“We are called to be the architects of our future, not its victims.”
              —Buckminster Fuller        

This quote starts off a new book by one of The Center for Health Design’s newer board members, Joe Flower. Joe is one of those really interesting people you just love to hang out with and talk to over a long dinner. His interests are diverse, his knowledge deep, and he can carry his end of a conversation on a broad range of subjects ranging from healthcare reform to ocean tides, and everything in between.

In Joe’s new book “Healthcare Beyond Reform: Doing it Right for Half the Cost,” he surmises that healthcare in America as it exists today has two very distinct personalities. On the one hand, we have a system of remarkably thoughtful caregivers in innovative organizations that make miracles happen every day. On the other hand, we have a system full of unnecessary suffering, and bankruptcy leaving millions of Americans in poverty and imposing an ever-growing burden of costs on the entire country.

It’s a problem we all know is there but have, in many ways, started to accept as the result of the sheer size and complexity of our healthcare system.

Joe’s book lays out the details of a plan that could help to rejoin these two disconnected personalities of today’s healthcare system to create one that provides better healthcare at less cost to all. It’s an audacious statement, to be sure, yet one that Joe sees as entirely within our reach.

What makes this book so exciting is that the ideas within it are much more than hypothetical. There are examples throughout our healthcare system of achieving better outcomes and more consistent care, delivered to a broader group of individuals at lower costs. (The Kaiser Health Policy Report also has many stories on the challenges healthcare is facing, particularly one-off pilot programs proving to be hugely successful, mostly in underserved populations.)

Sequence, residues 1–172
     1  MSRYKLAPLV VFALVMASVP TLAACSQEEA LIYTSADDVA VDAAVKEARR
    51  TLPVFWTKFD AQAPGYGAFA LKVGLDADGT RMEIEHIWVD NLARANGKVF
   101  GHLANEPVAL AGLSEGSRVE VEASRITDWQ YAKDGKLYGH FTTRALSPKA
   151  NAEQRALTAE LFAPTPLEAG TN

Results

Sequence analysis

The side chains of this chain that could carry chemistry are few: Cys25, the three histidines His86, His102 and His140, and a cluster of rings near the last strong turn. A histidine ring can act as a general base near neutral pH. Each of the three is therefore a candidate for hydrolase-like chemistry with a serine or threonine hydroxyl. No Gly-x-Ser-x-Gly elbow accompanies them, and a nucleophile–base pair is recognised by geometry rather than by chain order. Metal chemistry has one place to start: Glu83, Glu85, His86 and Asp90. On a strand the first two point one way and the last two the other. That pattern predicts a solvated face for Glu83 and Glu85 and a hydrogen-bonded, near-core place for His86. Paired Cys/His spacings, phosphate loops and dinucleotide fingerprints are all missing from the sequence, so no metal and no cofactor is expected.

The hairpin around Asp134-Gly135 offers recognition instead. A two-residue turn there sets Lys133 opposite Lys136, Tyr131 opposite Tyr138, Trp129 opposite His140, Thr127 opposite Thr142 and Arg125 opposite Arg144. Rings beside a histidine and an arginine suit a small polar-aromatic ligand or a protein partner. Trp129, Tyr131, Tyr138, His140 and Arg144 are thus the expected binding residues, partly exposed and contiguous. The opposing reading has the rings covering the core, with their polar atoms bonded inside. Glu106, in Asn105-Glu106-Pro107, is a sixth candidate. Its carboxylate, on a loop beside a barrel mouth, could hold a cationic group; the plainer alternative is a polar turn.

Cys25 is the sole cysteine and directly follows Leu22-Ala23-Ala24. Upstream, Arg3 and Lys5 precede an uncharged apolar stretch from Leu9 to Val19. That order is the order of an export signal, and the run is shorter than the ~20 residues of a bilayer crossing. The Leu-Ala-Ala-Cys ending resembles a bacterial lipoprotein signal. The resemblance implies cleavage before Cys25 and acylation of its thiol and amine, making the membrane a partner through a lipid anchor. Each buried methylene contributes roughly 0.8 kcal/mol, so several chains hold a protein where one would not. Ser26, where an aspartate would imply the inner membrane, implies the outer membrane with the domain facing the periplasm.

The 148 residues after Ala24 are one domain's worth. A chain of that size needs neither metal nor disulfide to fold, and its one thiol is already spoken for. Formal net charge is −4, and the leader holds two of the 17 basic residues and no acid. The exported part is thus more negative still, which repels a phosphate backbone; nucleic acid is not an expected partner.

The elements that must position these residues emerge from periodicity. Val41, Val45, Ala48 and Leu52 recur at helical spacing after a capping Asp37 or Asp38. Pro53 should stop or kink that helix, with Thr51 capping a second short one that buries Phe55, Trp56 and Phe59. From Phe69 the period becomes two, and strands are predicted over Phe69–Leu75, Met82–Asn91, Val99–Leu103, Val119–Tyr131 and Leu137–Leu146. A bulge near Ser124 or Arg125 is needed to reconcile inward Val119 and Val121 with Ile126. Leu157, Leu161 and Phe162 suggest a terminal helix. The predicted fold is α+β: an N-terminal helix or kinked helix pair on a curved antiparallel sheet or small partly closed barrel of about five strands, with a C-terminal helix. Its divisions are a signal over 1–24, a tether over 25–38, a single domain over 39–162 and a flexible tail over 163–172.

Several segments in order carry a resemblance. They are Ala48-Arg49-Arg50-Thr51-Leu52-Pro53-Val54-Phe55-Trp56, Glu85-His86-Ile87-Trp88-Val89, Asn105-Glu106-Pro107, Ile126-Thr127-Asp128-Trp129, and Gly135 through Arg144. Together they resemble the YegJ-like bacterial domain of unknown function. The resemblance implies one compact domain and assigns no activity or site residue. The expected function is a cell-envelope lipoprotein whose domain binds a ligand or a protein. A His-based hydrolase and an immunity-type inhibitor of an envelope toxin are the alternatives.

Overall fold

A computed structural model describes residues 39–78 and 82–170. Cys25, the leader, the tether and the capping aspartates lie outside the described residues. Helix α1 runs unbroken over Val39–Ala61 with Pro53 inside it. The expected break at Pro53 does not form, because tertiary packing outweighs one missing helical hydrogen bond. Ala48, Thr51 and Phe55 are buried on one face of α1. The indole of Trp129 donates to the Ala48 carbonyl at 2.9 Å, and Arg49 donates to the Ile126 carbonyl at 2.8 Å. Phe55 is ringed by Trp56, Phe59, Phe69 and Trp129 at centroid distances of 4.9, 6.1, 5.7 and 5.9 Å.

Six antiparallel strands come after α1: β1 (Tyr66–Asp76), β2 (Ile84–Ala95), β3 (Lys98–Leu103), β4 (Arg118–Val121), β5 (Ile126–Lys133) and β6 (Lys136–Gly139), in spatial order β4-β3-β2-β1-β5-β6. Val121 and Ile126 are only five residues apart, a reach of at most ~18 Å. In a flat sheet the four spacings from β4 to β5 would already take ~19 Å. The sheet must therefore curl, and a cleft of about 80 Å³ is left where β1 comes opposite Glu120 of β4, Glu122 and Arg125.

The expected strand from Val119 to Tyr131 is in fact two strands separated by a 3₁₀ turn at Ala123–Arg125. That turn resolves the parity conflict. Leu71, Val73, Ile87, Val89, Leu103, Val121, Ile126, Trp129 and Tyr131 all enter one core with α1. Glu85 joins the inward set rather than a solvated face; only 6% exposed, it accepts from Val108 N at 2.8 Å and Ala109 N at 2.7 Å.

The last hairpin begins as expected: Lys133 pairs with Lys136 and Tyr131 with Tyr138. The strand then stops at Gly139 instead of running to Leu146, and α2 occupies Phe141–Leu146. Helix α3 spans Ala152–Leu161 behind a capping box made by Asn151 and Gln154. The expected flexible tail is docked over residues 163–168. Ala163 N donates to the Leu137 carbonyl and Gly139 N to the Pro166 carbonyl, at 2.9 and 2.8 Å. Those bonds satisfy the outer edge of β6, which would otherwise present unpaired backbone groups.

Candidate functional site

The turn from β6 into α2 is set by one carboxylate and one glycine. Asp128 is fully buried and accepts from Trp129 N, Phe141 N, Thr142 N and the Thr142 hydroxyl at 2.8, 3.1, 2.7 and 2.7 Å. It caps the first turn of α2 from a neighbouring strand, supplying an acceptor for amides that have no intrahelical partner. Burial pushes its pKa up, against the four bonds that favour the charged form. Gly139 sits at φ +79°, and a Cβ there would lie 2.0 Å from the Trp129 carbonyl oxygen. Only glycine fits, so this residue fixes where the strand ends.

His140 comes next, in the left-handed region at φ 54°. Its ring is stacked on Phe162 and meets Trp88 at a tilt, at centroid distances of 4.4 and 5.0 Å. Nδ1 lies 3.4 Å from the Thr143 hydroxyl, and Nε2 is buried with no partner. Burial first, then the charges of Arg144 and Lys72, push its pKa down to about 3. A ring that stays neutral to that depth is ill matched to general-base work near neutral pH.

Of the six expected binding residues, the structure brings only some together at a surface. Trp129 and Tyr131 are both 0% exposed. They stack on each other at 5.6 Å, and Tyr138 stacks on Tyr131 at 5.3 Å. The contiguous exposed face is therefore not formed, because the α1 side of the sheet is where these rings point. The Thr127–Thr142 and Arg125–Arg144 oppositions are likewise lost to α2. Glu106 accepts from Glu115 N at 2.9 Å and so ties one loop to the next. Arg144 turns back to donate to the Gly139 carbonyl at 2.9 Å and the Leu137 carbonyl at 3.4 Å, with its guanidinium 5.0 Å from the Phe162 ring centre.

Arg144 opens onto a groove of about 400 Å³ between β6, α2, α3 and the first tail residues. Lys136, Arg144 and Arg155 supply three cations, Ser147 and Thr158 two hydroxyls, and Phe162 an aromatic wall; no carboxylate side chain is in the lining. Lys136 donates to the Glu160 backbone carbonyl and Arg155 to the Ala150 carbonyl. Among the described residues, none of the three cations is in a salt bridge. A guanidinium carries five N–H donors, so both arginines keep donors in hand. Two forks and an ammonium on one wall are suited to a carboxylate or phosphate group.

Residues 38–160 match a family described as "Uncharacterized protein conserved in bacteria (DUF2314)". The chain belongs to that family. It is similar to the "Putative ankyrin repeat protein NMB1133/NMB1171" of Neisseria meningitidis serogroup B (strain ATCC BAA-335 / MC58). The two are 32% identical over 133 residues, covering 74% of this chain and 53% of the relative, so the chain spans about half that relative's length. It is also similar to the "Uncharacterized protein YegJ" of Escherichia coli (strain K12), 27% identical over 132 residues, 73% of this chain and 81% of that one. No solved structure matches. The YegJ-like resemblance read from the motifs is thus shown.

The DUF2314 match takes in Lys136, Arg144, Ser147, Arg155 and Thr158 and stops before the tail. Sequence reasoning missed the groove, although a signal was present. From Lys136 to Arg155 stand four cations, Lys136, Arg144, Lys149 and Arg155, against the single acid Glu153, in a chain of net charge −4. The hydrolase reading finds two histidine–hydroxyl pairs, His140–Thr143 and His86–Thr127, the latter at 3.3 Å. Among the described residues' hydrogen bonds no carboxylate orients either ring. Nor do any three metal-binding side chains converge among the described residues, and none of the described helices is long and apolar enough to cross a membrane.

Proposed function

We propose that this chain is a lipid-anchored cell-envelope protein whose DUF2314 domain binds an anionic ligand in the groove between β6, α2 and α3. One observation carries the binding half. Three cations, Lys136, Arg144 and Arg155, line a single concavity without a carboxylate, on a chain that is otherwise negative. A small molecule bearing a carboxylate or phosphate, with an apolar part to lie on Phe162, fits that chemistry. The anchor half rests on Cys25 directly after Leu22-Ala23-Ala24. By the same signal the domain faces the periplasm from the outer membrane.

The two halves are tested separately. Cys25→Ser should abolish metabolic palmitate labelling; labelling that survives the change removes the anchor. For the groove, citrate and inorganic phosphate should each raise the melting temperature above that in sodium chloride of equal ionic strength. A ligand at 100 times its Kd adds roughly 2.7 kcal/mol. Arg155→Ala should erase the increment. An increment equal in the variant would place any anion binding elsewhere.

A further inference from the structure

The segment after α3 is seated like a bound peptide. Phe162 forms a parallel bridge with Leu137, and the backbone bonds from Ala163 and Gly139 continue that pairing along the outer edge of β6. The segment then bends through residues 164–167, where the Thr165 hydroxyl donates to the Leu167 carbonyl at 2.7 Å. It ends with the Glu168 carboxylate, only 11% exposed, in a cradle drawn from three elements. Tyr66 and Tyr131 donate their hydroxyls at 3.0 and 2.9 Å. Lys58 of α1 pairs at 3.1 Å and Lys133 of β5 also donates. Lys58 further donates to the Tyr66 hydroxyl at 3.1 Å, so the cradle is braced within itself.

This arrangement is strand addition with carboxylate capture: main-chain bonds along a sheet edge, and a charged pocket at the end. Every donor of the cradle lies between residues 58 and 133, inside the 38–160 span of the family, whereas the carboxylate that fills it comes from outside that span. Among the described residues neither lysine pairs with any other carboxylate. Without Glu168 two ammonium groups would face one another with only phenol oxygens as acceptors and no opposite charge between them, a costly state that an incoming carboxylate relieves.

The challenge is how to leverage these successes and replicate their results nationwide.

Joe makes the point that the answer to the dilemma is not a political one. This is very important, especially with a major national election here in the United States now just a few months away. The healthcare reform act is a political hot button and reform can help to accelerate change, but a permanent solution to this problem cannot be legislated; the transformation has to happen from within the system itself.

In his opinion, the answer is economic. “We are getting what we’re paying for in healthcare,” he says, “but we’re paying for the wrong thing.” As the system is set up now, we, as consumers, are paying through our health premiums and taxes for a lot of “things”: tests, procedures, devices, drugs, etc. What we should be paying for is the outcome we’re looking to achieve: “health.”

Those of us who live in Northern California, where Kaiser Permanente has a strong presence, probably experience “ah-ha” moments every time we hear one of its radio ads or see one of its commercials that focus on healthy lifestyles and preventative medicine—its key word being “thrive.”

All of this sounds like common sense when it’s laid out in black and white, but clearly there is not one simple solution to dramatically transform a system as complex as healthcare. Solutions will be found through new business models that change who gets paid and what they get paid for, in everything from healthcare plans to physicians, including healthcare suppliers.

Consumers will need to have a voice but so will employers who take on the responsibility of selecting the health plans that make up the options offered to their employees. They have the voice to speak up for coverage that engages the consumer and focuses on outcomes and quality of health, rather than purely focusing on restoring health once it’s been compromised. 

As the community of people responsible for the healthcare facilities that will house whatever our healthcare system looks like in the future, from the technology-laden intensive care unit to the home environment that will increasingly support our healthcare needs, we need to not only pay attention to this conversation but also take part in it.

In the end, every one of us will be touched by the decisions made both from a career standpoint and as consumers, as well. There is no more compelling argument to have a voice.  

Debra Levin is President and CEO at The Center for Health Design. For more information on The Center for Health Design, please visit www.healthdesign.org.